Membrane Bioreactors for RO Pretreatment

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ABSTRACT
Currently, treated municipal wastewater is typically discharged to the environment in most parts of the world. It is, however, a potential water resource from which high quality water for reuse can be produced. Reuse applications include both non-potable applications such as irrigation and production of industrial process water, and indirect potable reuse including aquifer recharge. For many reuse applications, effluent from conventional wastewater treatment plants is frequently further treated by reverse osmosis (RO) to reduce the total dissolved solids in the effluent for water reuse applications.

There are some major challenges for RO systems operating on biologically treated wastewater. One challenge is plugging of the brine spacer due to high levels of suspended solids in the feed. Many RO systems today use ultrafiltration (UF) as pretreatment to remove suspended solids. The UF system does an excellent job of providing water with low suspended solids as to feed RO. However, the UF system requires additional space and does not effectively reduce the amount of dissolved solids such as organics that are fed to an RO system. The UF system can also be susceptible to upsets from a conventional wastewater treatment plant.

Instead of separating the biological treatment process and the ultrafiltration step, the latest wastewater treatment plants combine both processes in a membrane bioreactor (MBR). The membranes are integrated right into the aeration tank of the biological process. Advantages of this process are that a clarifier is no longer needed, and the effluent quality is considerably better, which improves RO performance. Additionally, the MBR process reduces footprint significantly
compared to the combination of wastewater treatment followed by membrane filtration.

This paper discusses the challenges of using RO membranes for water reuse and the benefits of using MBR in comparison to UF as pretreatment for RO. The paper highlights examples of MBR systems providing RO pretreatment today. This paper also reviews cost factors for different pretreatment alternatives technology, and discusses factors that should be considered when deciding the optimum treatment train for a water reuse plant.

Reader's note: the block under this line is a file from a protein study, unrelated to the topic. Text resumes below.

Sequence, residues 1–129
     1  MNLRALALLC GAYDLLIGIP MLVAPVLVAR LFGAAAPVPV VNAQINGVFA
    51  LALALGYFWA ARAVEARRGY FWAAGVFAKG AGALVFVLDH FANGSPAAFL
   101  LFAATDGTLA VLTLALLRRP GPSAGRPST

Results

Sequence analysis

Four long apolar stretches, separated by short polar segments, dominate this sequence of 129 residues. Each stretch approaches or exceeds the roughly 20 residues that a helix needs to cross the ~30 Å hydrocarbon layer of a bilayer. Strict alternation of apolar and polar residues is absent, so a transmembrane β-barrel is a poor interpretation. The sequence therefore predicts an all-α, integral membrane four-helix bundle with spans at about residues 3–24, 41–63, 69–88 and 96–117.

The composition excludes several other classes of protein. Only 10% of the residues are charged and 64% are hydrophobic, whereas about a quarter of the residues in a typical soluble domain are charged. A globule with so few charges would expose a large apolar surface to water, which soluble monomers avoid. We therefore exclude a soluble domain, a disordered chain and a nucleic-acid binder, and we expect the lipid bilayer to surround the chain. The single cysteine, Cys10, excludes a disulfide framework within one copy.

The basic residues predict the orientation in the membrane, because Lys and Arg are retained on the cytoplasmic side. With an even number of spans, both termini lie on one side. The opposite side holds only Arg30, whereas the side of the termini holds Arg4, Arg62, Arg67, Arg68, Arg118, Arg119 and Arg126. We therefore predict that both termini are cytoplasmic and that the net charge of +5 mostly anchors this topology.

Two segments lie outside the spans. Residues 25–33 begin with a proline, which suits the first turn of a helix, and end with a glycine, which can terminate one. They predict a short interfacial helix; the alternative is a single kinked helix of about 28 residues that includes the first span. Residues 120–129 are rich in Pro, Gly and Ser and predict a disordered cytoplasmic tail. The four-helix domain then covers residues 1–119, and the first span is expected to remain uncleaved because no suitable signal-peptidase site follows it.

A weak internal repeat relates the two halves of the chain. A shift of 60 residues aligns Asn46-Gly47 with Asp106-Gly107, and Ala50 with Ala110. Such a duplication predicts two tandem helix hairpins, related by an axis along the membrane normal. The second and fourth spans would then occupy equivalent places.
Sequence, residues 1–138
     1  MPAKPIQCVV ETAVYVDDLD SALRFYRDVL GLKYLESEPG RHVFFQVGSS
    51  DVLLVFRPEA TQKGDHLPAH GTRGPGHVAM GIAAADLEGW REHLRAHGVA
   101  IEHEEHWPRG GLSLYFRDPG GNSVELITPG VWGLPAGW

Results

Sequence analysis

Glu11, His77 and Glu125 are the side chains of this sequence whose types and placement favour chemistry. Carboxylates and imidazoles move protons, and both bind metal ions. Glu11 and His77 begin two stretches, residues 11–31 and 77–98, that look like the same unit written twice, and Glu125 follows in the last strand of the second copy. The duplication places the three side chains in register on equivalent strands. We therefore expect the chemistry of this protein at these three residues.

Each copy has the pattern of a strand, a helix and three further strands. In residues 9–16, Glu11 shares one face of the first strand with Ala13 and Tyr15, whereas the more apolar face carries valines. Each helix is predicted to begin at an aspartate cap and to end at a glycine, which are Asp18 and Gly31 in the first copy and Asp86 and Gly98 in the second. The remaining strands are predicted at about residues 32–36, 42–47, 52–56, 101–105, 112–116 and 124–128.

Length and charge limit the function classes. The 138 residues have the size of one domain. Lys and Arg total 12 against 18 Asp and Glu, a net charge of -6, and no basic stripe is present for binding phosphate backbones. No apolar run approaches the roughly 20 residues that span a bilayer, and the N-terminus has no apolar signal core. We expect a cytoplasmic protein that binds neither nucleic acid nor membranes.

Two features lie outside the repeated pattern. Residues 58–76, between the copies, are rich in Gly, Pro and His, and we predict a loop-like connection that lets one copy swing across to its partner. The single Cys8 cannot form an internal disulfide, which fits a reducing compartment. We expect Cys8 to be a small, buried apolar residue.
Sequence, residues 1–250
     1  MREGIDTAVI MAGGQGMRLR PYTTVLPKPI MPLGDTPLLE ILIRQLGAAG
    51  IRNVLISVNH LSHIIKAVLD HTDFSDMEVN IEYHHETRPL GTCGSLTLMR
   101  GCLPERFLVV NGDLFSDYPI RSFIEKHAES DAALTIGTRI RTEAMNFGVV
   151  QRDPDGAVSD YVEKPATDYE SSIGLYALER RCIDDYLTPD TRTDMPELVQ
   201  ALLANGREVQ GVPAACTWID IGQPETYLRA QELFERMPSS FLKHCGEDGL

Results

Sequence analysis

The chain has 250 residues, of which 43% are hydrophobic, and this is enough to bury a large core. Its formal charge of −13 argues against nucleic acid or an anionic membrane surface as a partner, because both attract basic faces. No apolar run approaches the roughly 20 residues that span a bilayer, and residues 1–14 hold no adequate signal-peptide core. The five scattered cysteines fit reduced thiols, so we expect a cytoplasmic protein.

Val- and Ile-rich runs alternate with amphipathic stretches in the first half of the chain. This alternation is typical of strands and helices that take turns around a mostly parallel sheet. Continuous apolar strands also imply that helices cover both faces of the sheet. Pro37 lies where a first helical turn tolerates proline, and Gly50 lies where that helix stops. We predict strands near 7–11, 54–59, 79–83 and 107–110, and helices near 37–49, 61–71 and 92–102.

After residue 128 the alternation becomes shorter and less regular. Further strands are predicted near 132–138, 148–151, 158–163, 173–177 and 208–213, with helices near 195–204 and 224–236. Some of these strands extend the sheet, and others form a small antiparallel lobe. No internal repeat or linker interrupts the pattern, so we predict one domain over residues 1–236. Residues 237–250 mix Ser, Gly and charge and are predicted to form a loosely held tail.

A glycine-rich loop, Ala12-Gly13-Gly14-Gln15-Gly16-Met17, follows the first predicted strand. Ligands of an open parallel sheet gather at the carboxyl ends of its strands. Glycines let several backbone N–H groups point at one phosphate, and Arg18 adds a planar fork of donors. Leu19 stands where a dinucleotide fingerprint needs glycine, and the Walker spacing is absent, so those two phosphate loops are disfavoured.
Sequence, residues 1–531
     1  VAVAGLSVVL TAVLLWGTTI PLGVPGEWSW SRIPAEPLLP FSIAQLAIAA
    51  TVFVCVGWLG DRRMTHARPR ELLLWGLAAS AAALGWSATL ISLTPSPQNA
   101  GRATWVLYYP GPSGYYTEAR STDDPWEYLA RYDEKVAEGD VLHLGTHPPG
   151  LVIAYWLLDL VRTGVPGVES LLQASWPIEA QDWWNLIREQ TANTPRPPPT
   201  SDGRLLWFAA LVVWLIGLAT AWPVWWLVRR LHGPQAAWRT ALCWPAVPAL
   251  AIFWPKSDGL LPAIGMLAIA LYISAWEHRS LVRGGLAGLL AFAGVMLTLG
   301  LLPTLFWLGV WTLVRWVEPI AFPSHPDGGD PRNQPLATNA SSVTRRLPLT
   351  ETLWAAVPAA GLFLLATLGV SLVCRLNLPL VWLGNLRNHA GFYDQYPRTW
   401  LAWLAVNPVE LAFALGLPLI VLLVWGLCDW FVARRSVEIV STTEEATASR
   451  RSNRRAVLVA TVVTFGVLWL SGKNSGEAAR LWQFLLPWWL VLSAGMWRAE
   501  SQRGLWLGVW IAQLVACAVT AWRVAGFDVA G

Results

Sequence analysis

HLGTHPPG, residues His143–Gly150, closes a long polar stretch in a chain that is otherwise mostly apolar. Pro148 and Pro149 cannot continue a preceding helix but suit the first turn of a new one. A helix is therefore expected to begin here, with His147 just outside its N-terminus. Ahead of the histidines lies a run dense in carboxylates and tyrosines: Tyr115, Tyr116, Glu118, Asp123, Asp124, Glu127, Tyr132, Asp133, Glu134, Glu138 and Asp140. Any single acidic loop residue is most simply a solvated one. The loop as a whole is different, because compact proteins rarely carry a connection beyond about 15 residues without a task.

INTRODUCTION
Currently, biologically-treated municipal and industrial wastewater is typically discharged to the environment in most parts of the world. It is, however, a potential water resource from which high quality water for reuse can be produced. For example, at the City of Scottsdale, Arizona, Water Campus a 14 MGD (million gallons per day) water reuse plant has been in operation since 1999, and other even larger plants have recently been built around the world. Reuse applications include both non-potable applications such as irrigation and production of industrial process water, and indirect potable reuse including aquifer recharge. For many reuse applications, effluent from conventional wastewater treatment plants is frequently further treated by reverse osmosis (RO) to reduce the total dissolved solids in the effluent for water reuse applications.

CHALLENGES OF RO SYSTEMS FOR WATER REUSE
There are some major challenges for RO systems operating on biologically treated wastewater. One challenge is plugging of the brine spacer due to high levels of suspended solids in the feed. RO membranes used for most water reuse applications today are typically spiral-wound elements, where membrane leaf units are rolled around a central permeate tube. Feed water flows into a brine spacer, typically made of vexar-type netting with a thickness of between 28 and 31 thousandths of an inch. If there is a high level of suspended solids in the feed water, the brine spacer can become plugged.

A second challenge is organic fouling, since many biologically treated wastewaters contain high levels of organics. The organics in the feed water are rejected by the RO membrane and are progressively concentrated as the water flows across the membranes. Towards the outlet of the RO system, the concentration of organics can lead to excessive fouling of the membrane.

A third challenge is biofouling. Biofouling requires both the presence of microorganisms and a food source. The organics in wastewater make an excellent food source for microorganisms. In addition, some treated wastewaters have high levels of bacteria present and so biogrowth occurs quickly in the RO system. Even when the RO feed water is disinfected, an RO system is not sterile and so biogrowth can still occur, albeit at a slower pace. In the past, RO systems treating wastewater used cellulose-acetate (CA) membranes, since these membranes can withstand some free chlorine. Feeding water with a chlorine residual minimized biogrowth. However, since CA membranes have limited pH stability and operate at high pressures, the trend today is to use thin film composite (TFC™) membranes. These membranes are not chlorine-tolerant and so strategies other than chlorine addition to avoid biofouling must be used when treating wastewater. These strategies may include use of an alternate disinfectant such as chloramine, or the minimization of organics and microorganisms in the feed by providing more extensive pretreatment.

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